Two-thirds of forest destruction occurs in the Amazon region, driven in large part by cattle ranchers and FARC dissident groups that pressure local residents to log trees, extort farmers, promote planting of coca crops to produce cocaine, and threaten people who support conservation efforts.
Two years after the government launched Operation Artemisa to combat deforestation, it has achieved limited results. In July 2021, Congress passed a government-sponsored bill expanding criminal penalties for illegal deforestation and other environmental crimes. In November, at the global climate summit in Glasgow, COP26, the Colombian government committed to have 30 percent of the country's territory declared a protected area in 2022. The figure currently stands at 15 percent.
Climate change is causing increased temperatures and droughts—and could lead to extreme rainfall and flooding—requiring the government to take steps to protect at-risk populations from their foreseeable harm. The authorities' inadequate response to prolonged drought in the northeastern state of La Guajira has undermined Indigenous Wayuu people's access to food and water, leading to high rates of childhood malnutrition deaths.
Read the full Colombia World Report Chapter »
Democratic Republic of Congo
Congo contains the world's second largest rainforest. Scientists estimate that the forest's soil alone holds billions of tons of carbon, as much as 20 years' worth of the fossil fuel emissions of the United States. If released through increased deforestation or other disturbances it could have catastrophic effects on efforts to contain climate change.
Successive governments continued to grant multiple logging contracts, despite imposing a moratorium on new logging concessions in 2002. In February, civil society organizations filed a lawsuit against the former environment minister for reportedly breaching the prohibition by granting logging concessions to Chinese companies in 2020.
In July, the Tshisekedi administration set out a plan that includes ending the moratorium on logging, but an agreement reached at the COP26 conditions lifting the moratorium on the planning of forest allocations based on a consultative process.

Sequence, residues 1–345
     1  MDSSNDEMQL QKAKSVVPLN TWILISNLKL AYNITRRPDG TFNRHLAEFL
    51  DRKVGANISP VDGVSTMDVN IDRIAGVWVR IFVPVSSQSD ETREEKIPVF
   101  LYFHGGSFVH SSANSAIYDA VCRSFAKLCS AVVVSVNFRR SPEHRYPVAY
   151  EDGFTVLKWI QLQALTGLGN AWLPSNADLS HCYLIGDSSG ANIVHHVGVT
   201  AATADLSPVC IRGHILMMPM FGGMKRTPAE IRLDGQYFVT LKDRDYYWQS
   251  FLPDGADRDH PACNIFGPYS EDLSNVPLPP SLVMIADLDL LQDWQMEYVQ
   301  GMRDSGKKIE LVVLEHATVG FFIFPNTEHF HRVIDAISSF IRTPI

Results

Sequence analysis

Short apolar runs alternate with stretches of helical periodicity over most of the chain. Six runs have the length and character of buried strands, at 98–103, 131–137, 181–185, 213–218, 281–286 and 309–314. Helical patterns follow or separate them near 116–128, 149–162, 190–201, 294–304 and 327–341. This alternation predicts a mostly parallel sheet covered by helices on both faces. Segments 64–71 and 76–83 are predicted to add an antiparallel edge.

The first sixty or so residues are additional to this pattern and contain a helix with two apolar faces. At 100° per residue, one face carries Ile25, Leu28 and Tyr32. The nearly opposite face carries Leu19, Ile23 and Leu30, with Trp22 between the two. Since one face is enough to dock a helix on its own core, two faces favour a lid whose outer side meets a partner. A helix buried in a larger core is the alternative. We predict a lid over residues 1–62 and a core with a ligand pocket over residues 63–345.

In April, President Tshisekedi pledged to restore forest cover to 63 percent by 2030 at a climate summit hosted by the US.
During the same month, a bill that would recognize Indigenous peoples' rights over their traditional territories was adopted in the National Assembly but it had yet to be voted by the Senate before it could be passed into law. Ending the moratorium on logging without a domestic legal framework that protects Indigenous rights could undermine communities' access to their forests, as they would have little recourse against businesses that claimed them.
Read the full Democratic Republic of Congo World Report Chapter »
The 27 member states of the European Union are among the top 10 greenhouse gas emitters globally, making a major contribution to the climate crisis that is taking a mounting toll on human rights around the globe. In July, the European Commission adopted a series of legislative proposals laying out how it intends to achieve climate neutrality by 2050, the target set in the 2020 European Climate Law adopted in June, including the intermediate target of an at least 55 percent net reduction in greenhouse gas emissions by 2030. According to Climate Action Tracker, the 2030 commitment is "almost sufficient" to meet the Paris Agreement goal to stay below 1.5°C of warming.
Despite committing to phase out environmentally harmful subsidies, including subsidies for fossil fuels, by 2020, European Parliament members voted in 2021 to prolong gas subsidies until 2027, undermining emissions reduction efforts.
Several European officials, including the French president and the then-German chancellor, have said they opposed or had strong reservations about the EU-Mercosur free trade agreement due to Brazil's disregard for its commitments under the Paris Climate Agreement and failure to curb illegal deforestation in the Amazon, a "carbon sink" critical for mitigating climate change.
Read the full European Union World Report Chapter »
As one of the EU's biggest greenhouse gas emitters, France is contributing to the climate crisis taking a growing toll on human rights around the globe. France committed to reducing emissions by 40 percent by 2030. From January 2020 through March 3, 43 percent of the almost US$57 billion Covid-19 recovery were subsidies for fossil fuels. In a February report, the High Council for the Climate said that, while progress has been made, the government's efforts remain too slow to achieve the 2030 target. France has already warmed by 1.7 degrees and severe climate impacts such as heat waves and forest fires will become more frequent and intense.